I wonder about Plato and, in particular, about his method of reaching the truth. One can suppose that the method is based on the practice of his dualistic philosophy, which would aim to free the soul from the body in order to bring it closer to the world of ideas, i.e., the realm of truth, but this says nothing about the method from a pragmatic point of view. From my readings, it seems to me that the answer is not clearly defined in Plato, notably because of his literary style, which is based on dialogues from which it is sometimes difficult to extract Plato's personal thought (Kraut, 2017).

Through my approach, it seemed important to me to consider the fact that truth, as a Platonic Idea, hardly detaches itself from other major ideas, such as the One, the Good, and the Beautiful. The search for truth thus appears as a path toward more perspective where converge in unity the knowledge of the truth, the good, and the beautiful, in other words, in the sense of enlightenment that encompasses moral philosophy, aesthetics, physical and metaphysical knowledge. This conclusion comes to me mainly from an analytical reading of the allegory of the cave (see Wheeler, 1997).

If this consideration sets enlightenment as the finality of Plato's philosophy, the question remains about how to achieve it, in the sense that coming out of the cave is not very explicit. Mainly interested in the question of truth, I have, therefore, tried to understand Plato's way of defining knowledge, which can be summarized as a Justified true belief (Chappell, 2019). The justification seems to me to be central to this definition, but the nature of the explanation required is not clear, and the pessimistic conclusion of the article suggests that we have learned nothing about what knowledge is. Wolfsdorf (2011) nevertheless tries to define it, relying on the Meno, such that a good explanation would appeal to the notion of cause in the broad sense (aetia), but, primarily according to the author, would also have metaphysical foundations. At this point, I fell into a vicious circle: how can the quest for knowledge as a presupposed path to enlightenment be built on metaphysical foundations, i.e., the end of the path? If I can understand the point, it is difficult for me to see it as a method, unless I lend to Plato, perhaps abusively, the fact that the path to enlightenment is not direct but an iterative process of trial and error, which leads to a certain convergence of thought and knowledge. But could this be Plato's opinion?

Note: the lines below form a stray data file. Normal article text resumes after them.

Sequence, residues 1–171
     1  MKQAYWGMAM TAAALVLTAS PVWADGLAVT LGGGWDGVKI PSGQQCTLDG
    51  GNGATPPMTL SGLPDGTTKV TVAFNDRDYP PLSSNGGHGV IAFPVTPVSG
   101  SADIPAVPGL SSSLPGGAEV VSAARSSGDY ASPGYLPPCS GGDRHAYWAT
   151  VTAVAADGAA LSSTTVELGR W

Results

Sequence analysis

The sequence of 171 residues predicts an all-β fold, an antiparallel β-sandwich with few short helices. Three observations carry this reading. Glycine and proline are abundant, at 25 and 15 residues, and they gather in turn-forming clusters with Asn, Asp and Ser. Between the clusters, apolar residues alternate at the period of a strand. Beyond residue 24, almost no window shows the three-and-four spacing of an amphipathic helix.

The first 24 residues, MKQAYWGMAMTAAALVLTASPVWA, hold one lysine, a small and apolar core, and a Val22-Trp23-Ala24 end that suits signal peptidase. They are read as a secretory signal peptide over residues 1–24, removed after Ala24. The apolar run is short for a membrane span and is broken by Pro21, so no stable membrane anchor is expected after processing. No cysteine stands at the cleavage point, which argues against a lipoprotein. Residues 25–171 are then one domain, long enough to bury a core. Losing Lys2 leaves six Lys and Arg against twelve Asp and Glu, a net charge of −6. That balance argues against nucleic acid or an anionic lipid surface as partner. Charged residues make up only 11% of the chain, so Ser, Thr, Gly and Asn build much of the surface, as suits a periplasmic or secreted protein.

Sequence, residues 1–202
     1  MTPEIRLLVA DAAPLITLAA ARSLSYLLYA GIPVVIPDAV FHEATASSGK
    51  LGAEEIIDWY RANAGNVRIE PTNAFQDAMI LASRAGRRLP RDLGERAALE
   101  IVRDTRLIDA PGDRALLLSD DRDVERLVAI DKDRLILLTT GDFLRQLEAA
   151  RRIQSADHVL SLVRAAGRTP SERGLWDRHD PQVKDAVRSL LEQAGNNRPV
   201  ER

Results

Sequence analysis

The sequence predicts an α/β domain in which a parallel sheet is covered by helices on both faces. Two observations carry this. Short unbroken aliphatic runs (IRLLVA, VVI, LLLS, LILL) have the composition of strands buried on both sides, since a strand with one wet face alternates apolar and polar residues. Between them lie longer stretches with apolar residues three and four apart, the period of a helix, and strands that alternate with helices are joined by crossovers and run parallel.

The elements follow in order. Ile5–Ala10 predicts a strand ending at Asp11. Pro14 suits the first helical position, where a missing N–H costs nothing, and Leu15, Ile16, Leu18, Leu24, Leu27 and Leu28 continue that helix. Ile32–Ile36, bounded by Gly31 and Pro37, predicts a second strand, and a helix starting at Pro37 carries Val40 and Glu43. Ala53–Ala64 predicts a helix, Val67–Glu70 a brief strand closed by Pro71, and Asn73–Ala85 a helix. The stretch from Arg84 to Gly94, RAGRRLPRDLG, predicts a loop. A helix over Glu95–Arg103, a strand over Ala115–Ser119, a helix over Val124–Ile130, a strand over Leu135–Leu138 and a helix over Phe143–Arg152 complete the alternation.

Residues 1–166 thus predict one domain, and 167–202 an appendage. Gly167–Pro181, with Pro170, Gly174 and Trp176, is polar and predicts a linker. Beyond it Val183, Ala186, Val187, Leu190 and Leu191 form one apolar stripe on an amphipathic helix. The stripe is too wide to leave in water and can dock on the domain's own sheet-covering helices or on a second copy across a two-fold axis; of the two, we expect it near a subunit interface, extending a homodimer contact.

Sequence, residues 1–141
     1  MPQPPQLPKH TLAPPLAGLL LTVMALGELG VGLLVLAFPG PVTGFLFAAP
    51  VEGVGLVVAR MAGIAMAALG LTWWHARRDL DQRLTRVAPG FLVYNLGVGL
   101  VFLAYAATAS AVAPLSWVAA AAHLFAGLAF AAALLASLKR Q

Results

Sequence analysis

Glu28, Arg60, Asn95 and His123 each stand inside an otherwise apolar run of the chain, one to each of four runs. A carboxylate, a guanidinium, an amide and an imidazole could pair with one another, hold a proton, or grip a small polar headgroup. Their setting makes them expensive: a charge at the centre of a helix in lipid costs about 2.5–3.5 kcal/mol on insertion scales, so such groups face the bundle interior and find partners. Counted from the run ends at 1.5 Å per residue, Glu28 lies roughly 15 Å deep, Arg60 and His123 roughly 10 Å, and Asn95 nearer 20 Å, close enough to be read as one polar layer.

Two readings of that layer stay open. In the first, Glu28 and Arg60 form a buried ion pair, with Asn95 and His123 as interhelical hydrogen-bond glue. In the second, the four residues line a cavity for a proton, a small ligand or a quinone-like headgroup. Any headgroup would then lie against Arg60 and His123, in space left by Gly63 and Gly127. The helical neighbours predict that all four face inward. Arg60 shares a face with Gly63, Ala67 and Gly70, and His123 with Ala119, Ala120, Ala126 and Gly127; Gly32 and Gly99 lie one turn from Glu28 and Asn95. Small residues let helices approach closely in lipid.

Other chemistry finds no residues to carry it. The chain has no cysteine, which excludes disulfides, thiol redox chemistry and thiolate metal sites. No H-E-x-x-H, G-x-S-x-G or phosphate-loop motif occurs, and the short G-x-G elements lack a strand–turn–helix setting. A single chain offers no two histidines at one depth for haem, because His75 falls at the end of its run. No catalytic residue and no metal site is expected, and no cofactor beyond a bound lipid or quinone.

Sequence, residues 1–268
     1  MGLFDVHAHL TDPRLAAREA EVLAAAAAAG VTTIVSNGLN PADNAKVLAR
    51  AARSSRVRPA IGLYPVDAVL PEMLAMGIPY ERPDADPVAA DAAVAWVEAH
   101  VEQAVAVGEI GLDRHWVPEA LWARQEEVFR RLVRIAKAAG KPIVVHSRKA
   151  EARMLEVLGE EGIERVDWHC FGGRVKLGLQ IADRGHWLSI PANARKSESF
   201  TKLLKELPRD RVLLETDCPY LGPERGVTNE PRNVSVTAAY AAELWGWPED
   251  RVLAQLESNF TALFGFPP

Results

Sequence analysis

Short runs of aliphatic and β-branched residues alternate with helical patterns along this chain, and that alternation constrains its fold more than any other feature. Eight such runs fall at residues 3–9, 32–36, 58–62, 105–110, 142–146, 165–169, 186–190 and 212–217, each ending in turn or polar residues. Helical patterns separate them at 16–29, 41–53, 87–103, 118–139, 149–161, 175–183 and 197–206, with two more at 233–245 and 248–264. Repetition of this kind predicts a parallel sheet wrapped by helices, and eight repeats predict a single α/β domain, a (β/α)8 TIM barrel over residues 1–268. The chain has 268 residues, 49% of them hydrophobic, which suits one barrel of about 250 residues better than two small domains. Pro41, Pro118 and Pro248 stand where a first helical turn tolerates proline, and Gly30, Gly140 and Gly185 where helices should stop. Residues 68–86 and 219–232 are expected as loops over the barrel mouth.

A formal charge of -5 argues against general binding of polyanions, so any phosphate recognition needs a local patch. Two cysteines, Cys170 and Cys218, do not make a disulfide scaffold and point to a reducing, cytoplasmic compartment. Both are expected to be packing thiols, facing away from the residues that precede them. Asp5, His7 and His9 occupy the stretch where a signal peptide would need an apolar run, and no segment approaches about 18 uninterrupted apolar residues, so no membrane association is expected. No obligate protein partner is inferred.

This is a first hypothesis. I imagine that for Plato, cultivating a taste for Good and Beautiful is also a path to converge towards the True. However, I am still in the dark as to what could summarize the precepts of his method. Most certainly, dialectics, education, Socratic maieutics, or even the concept of catharsis, although indirectly linked to the question of the True, can just as well find their place there. The following answer ( https://philosophy.stackexchange.com/a/3394/42664) is an interesting beginning of an answer, but it lacks references, and the original question is not especially oriented towards Plato's general method of searching for the truth.

So I come to my main question: can we summarize and frame Plato's thought, I insist in terms of method, to reach the truth? If the answer is no, what remain the central concepts and their interrelationships, even if they do not serve as a method, to reach enlightenment? You can also imagine the question: if Plato were to write a prospectus detailing and motivating his training program at the academy, what would he write?


Kraut, R.: Plato, in The Stanford Encyclopedia of Philosophy, edited by E. N. Zalta, Metaphysics Research Lab, Stanford University. [online] Available from: https://plato.stanford.edu/archives/fall2017/entries/plato/ (Accessed 29 January 2020), 2017.

Wheeler, S. C.: Plato’s Enlightenment: The Good as the Sun, History of Philosophy Quarterly, 14(2), 171–188, 1997.

Chappell, S.-G.: Plato on Knowledge in the Theaetetus, in The Stanford Encyclopedia of Philosophy, edited by E. N. Zalta, Metaphysics Research Lab, Stanford University. [online] Available from: https://plato.stanford.edu/archives/win2019/entries/plato-theaetetus/ (Accessed 13 December 2019), 2019.

WOLFSDORF, D.: Plato’s Conception of Knowledge, The Classical World, 105(1), 57–75, 2011.


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